MARCH 14, 2013 — The Coast Guard reported today that response operations continue for a tug and barge that allided with a pipeline near Bayou Perot 30 miles south of New Orleans Thursday (see earlier report).
The Coast Guard is conducting a full investigation of the incident to determine the cause of the incident. No conclusions have been drawn at this time.
Personnel from T&T Salvage aboard the Todd Michael spud barge are on scene for cooling operations of the tank barge. The fire remains stabilized.
Responders continue to monitor and ensure the integrity of the barge is maintained to allow for safe salvage operations as soon as the fire is extinguished.
The Coast Guard has placed temporary flight restrictions over the airspace near the Shannon E. Settoon barge at and below 5,000 feet within approximately a one-mile radius. Responders have deployed 10,400 feet of boom around the tank barge to contain any possible pollution risks.
A Coast Guard Air Station New Orleans MH-65 Dolphin helicopter crew is currently conducting an overflight assessment of the pipeline fire and is reporting the condition of the tug and barge to the unified command.
Approximately 2,200 barrels of crude oil remain on board the barge and have not been compromised.
There are approximately 40 response personnel on scene.
Resources deployed for the incident:
The 160-foot Coast Guard Cutter Axe and crew;
Twenty-thousand feet of containment boom on scene;
Two Marco skimmers;
Ten response vessels;
Two oil spill response trailers.
The unified command consists of the U.S. Coast Guard, Louisiana Oil Spill Coordinator's Office, Settoon Towing and Chevron. Contracting organizations include ES&H, CTEC Air Monitoring, T&T Salvage and Resolve Marine.
MARCH 14, 2013 — Wärtsilä has signed a five year maintenance agreement with Finnish shipowner Viking Line. The agreement, which became effective from March 1, is for maintaining and servicing of Wärtsilä equipment in the Viking Grace, the largest passenger ferry thus far to operate on liquefied natural gas (LNG) fuel.
The Viking Grace operates a regular timetable schedule in the Baltic Sea between Turku in Finland and Stockholm, Sweden. It is designed to carry cars, trucks and road trailers, as well as 2,800 passengers and 200 crew members. By operating on LNG fueled Wärtsilä DF engines, the vessel can sail without restrictions in Sulfur Emissions Control Areas (SECAs) and upcoming Nitrogen Emissions Control Areas (NECAs).
The agreement covers the ship's four Wärtsilä 50DF dual-fuel main engines, as well as the Wärtsilä LNGPac gas system's safety valves. Under the terms of the contract, Wärtsilä will provide a broad range of services including engine maintenance planning, maintenance work, condition monitoring, spare parts supply, technical support, and workshop services. The overall target is to extend the intervals between maintenance, to optimize the logistics for spare part deliveries, and to ensure optimal operating efficiency and fuel consumption, thereby lowering operating costs.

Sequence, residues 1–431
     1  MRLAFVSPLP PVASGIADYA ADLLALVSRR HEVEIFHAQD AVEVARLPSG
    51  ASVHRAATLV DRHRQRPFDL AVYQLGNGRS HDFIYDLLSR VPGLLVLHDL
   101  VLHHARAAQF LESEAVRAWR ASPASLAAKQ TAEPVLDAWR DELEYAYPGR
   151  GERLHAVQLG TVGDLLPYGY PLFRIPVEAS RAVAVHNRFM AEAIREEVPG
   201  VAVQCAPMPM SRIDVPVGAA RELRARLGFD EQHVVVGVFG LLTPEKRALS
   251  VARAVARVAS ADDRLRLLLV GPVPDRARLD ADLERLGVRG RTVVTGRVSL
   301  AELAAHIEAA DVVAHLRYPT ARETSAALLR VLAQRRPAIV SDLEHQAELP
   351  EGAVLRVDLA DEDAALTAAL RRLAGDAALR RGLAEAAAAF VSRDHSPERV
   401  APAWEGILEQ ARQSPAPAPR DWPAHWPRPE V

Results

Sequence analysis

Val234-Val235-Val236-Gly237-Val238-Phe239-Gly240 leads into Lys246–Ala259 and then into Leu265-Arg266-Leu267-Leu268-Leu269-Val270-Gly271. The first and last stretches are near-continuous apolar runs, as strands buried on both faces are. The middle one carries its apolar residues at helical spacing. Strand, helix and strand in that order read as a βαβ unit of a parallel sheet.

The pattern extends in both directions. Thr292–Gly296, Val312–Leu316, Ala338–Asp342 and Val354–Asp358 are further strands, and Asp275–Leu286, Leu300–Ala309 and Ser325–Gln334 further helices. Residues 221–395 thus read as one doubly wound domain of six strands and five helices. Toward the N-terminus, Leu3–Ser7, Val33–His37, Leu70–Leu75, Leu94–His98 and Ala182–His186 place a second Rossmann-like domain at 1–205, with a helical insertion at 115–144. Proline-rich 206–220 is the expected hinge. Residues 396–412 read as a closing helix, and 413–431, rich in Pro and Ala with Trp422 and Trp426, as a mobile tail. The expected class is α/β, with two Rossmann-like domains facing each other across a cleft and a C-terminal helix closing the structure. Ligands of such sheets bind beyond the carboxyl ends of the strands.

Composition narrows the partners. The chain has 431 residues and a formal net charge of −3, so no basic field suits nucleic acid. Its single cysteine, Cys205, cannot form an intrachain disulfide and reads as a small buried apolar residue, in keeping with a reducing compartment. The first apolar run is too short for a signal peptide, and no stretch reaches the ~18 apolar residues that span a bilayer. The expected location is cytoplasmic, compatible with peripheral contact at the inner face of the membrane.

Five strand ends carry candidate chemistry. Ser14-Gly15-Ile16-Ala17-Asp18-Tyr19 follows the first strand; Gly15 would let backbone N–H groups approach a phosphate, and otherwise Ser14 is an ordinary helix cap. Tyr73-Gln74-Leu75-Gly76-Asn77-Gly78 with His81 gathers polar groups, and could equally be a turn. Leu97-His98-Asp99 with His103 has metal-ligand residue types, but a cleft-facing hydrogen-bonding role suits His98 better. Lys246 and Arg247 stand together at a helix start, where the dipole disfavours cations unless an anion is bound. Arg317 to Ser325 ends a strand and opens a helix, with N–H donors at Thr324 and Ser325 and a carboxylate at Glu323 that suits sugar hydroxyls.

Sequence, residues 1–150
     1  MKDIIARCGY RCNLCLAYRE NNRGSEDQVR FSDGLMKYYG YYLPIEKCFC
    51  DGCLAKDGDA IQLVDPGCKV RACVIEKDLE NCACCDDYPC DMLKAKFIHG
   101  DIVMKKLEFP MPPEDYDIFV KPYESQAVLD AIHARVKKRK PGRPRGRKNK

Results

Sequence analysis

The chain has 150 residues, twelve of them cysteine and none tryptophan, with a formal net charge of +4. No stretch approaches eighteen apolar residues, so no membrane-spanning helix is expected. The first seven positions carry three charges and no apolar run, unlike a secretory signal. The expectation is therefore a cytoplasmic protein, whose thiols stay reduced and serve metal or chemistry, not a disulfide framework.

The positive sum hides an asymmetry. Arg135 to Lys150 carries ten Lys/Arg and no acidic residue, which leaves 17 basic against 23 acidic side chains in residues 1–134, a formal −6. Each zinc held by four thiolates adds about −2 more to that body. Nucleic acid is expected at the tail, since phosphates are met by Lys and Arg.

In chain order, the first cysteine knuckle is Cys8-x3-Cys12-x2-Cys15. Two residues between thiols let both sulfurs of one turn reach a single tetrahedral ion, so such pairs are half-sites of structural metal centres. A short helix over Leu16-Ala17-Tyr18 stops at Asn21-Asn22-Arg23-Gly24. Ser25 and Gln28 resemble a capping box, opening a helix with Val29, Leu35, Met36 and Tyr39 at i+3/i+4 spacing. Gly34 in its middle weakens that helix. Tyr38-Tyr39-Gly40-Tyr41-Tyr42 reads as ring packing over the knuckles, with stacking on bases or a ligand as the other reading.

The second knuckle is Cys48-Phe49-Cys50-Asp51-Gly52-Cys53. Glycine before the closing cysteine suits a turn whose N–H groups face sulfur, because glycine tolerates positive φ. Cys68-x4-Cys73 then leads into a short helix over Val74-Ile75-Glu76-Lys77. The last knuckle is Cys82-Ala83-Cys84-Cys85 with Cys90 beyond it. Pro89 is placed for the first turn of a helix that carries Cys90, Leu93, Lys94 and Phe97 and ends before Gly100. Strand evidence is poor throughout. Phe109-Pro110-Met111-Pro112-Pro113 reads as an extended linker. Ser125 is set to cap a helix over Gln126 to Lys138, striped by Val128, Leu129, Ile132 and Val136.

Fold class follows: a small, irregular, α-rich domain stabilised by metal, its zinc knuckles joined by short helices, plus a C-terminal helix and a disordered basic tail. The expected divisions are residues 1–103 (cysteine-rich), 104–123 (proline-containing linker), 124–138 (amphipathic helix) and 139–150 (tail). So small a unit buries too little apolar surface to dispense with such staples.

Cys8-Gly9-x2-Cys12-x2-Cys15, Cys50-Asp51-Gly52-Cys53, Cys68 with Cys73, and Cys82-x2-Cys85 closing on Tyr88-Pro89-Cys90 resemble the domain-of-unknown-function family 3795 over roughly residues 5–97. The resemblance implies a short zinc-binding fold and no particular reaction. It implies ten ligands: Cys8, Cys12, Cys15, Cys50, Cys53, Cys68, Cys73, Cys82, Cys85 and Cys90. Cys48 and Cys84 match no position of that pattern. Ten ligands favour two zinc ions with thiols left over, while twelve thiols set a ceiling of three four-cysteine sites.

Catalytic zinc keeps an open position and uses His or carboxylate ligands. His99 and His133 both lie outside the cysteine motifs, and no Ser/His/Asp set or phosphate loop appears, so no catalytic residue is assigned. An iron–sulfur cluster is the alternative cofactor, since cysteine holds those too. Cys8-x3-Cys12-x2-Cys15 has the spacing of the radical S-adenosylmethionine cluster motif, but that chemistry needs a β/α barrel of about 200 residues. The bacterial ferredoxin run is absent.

"Viking Line has enjoyed an excellent relationship with Wärtsilä, and this has led to deep cooperation between both parties in finalizing this agreement. The maintenance agreement provides predictability in maintenance issues, and through extending maintenance intervals, we can lower operating costs and optimize the lifecycle efficiency of Viking Grace," says Tony Öhman, Senior Vice President, Marine Operations & Newbuilding, Viking Line Abp.
MAY 8, 2013 — At least five people have died and four are missing after the RO/RO containership Jolly Nero crashed into a control tower in the port of Genoa, Italy, according to local media.
Front page photo of Il Secolo XIX newspaper shows that all that remains of Genoa control tower is an external staircase
The Italian-flag ship, owned by Genoa headquartered Ignazio Messina, was maneuvering out of port with tugboat assistance and in calm conditions when it slammed into the dockside tower. The incident took place at about 11.00 p.m. local time when a shift change was taking place in the tower with as many as 14 inside.
File photo posted by Il Secolo XIX shows tower before the incident
Reportedly, three were trapped inside an elevator that fell into the water as the concrete and glass tower collapsed.
Three people were reported to have been trapped inside a lift that fell into the water as the tower collapsed. It was reduced to rubble, leaving only a battered exterior staircase standing.
The cause of the accident remains under investigation, but Genoa's Il Secolo XIX newspaper quoted the Jolly Nero's captain as saying that two engines appeared to have failed and "we lost control of the ship."
OCTOBER 23, 2012 — Wave energy technology specialist Ocean Power Technologies (Nasdaq: OPTT), Inc. is benefiting from a Japanese Government decision to place far more emphasis on renewable energy following the Fukushima nuclear power plant disaster.
Ocean Power has received a ¥70 million (approximately US $900,000) contract from Mitsui Engineering & Shipbuilding (MES) for further work towards development of its PowerBuoy technology for application in Japanese sea conditions.
OPT's proprietary PowerBuoysystem is based on modular, ocean-going buoys that capture and convert predictable wave energy into electricity. Under the new contract, OPT will continue to analyze methods to maximize buoy power capture using advanced optimization methodologies as well as modeling and wave tank testing.
OPT will team with MES staff to develop PowerBuoy enhancements that, under normal Japanese wave conditions, would provide for improved power capture. This analysis and design work is expected to be completed by the end of OPT's fiscal year ending April 30, 2013 after which a decision will be made on the next steps toward ocean trials of a demonstration PowerBuoy system. This would provide the basis for a prospective build-out of a commercial-scale OPT wave power station in Japan.